Joe Cole still plays for Liverpool. You might have forgotten, but he does still lace his cleats and put on his jersey for the Reds every once in a while. It may not seem like the 29-year-old still gets paid by the Merseyside club because he is perpetually injured or out of form. But yes, he still collects a weekly check, and yes, the English media and the players still tout him as a talented midfielder.
And yes, he still can’t find the field in any meaningful games or make any meaningful contributions for Liverpool despite all the promise and hope.
Cole signed with Liverpool on a free transfer from Chelsea in the summer because the London club didn’t want to pony up the England International’s desired salary. The reasoning? His age and his injury problems. Liverpool took a chance on the skilled midfielder. The Reds needed a marquee signing in the summer to show the supporters that the team would somehow fight for a coveted Champions League spot, something the club had missed out on the previous season.
To say things haven’t worked out for Cole at Liverpool is an understatement. This experiment has been disastrous from the first match.
In Liverpool’s season opener Cole ran out with the starting 11, but he was unable to keep himself on the field for more than a half. A sliding challenge on Arsenal center back Laurent Koscielny at the close of the first half by Cole was deemed vicious enough to warrant a red card. Cole has never been a great tackler, and this wasn’t one of his best challenges, but was it red card-worthy? Probably not, but the way things went for Liverpool and Cole on Aug. 15 foreshadowed what was to come for both during the 2010 part of the season.
Cole completed just 9 of 12 passes in 45 minutes of play from the center of the midfield, as the team’s supporting striker, the linchpin to the Liverpool attack. Fernando Torres wasn’t in the side on this day, but still, Cole didn’t help his partner at the top of the formation, David Ngog. Of his nine completed passes, Cole completed two in the attacking half going forward. He had zero through balls, and the majority of his passes, seven of them, went backwards or were in the defensive half of the field. He never broke into the game or dictated any possession. That first game should have been enough for fans to see what this season would be about for Cole: disappointment and bad luck.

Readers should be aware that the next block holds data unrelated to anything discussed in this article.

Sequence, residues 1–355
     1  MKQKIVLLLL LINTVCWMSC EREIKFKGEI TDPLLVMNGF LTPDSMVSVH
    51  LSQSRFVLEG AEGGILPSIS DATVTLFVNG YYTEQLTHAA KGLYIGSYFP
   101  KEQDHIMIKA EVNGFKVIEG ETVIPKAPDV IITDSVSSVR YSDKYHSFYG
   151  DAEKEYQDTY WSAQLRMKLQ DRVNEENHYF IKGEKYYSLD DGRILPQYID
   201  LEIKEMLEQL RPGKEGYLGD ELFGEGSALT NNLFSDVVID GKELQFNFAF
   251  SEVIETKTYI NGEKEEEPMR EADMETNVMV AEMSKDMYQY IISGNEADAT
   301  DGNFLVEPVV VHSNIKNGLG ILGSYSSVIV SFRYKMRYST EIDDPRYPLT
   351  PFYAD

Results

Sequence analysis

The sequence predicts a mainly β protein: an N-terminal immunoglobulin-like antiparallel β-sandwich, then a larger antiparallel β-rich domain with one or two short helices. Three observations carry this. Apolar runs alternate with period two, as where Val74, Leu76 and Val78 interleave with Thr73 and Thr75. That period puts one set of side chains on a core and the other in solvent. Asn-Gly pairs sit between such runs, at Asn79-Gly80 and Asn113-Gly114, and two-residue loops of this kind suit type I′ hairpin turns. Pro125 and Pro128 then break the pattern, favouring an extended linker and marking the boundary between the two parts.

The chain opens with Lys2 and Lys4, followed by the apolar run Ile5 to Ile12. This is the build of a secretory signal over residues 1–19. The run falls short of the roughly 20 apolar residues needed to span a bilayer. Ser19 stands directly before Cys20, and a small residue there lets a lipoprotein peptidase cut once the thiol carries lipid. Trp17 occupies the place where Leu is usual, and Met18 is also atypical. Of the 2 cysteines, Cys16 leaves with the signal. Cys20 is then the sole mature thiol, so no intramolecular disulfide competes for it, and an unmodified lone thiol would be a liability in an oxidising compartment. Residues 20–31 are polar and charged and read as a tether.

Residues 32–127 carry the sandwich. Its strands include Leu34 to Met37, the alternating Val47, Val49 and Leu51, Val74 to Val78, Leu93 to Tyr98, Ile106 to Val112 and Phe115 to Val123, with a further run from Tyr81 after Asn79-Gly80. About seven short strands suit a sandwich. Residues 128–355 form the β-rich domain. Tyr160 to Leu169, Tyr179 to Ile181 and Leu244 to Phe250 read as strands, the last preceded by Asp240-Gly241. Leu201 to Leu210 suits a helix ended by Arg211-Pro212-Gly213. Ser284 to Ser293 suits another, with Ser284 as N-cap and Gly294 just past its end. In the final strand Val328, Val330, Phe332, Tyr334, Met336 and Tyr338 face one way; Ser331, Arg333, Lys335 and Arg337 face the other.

Cole played 11 Premier League games thus far this season — none while Kanny Dalglish has been in charge — because of injuries, suspensions or poor form. He has 18 shots, one assist and one goal. His lone goal caused some controversy. In scoring the Liverpool winner against Bolton, he was offsides but the last person to play the ball was a defender, so Cole became eligible to score. But he has been far from what was expected.
There is no doubting Cole’s skill. He has wonderful ball control in tight spaces. He can find a pass to unlock defenses. He has an ability to find space for other players. Cole’s ascent through West Ham’s famed academy made him the team’s captain at 21, but he was unable to keep the Hammers in the Premier League that year and found himself moving to his boyhood club Chelsea.
At Chelsea, Cole won the Premier League, the FA Cup, helped the Blues reach the Champions League Finals and helped solidify its midfield by adding a creative spark.
At Liverpool, Cole has done none of the above.
He has added little to a midfield in need of a player who can break down defenses with a quick pass or through ball. In fact, Cole has been almost invisible at times because of his poor performances and health; both of which have kept him on the fringes of the squad. One of the most telling games of the year for Cole was Liverpool’s 3-2 defeat of Manchester United on Sept. 19.
The United-Liverpool derby is one of the biggest in the Premier League. It’s one of the biggest in the world. The two most successful English clubs playing is a can’t-miss game. Cole didn’t receive the memo.
Cole attempted 53 passes in the United game, completing 47. A nice completion ratio, but looking at the chalkboards, most of Cole’s passes came as 1-2 type passing situations that resulted in little for Liverpool going forward.
Playing on the left side of the midfield isn’t the best place for Cole, but he was needed out there because Liverpool was missing a truly gifted passer in the midfield. Just as importantly, Cole wouldn’t have been able to handle the physical play inside.
Roy Hodgson had to push him outside a bit to see what he could get out of the 29-year-old. What Hodgson got was one cross in 90 minutes of play. One cross from a wide player is inexcusable (which is why I will never understand how Maxi Rodriguez gets employed on the wings, as he almost never crosses the ball). Cole attempted just one through ball into the box and switched play maybe a handful of times. Comparing Cole’s contributions to that of Paul Scholes on this day, one can see what Liverpool was lacking — a dynamic midfielder with the ability to change the point of attack. That was suppose to be Cole’s job going into the season.
Dalglish has said he hasn’t given up on Cole, but it’s almost time for him to think about doing just that. With an abysmal performance in the Europa League game on Thursday, Cole looked like he was regressing to just another fringe player with an inflated contract. His promise and skill have largely gone unused because he hasn’t been able to stay on the field and teams have struggled to find the right place for him.
After an hour of play and plenty of poor first touches and misguided passes, Cole looked past his prime and almost unplayable. It’s great that Dalglish hasn’t given up on him or his talents, but maybe it’s time to. At least for this year.
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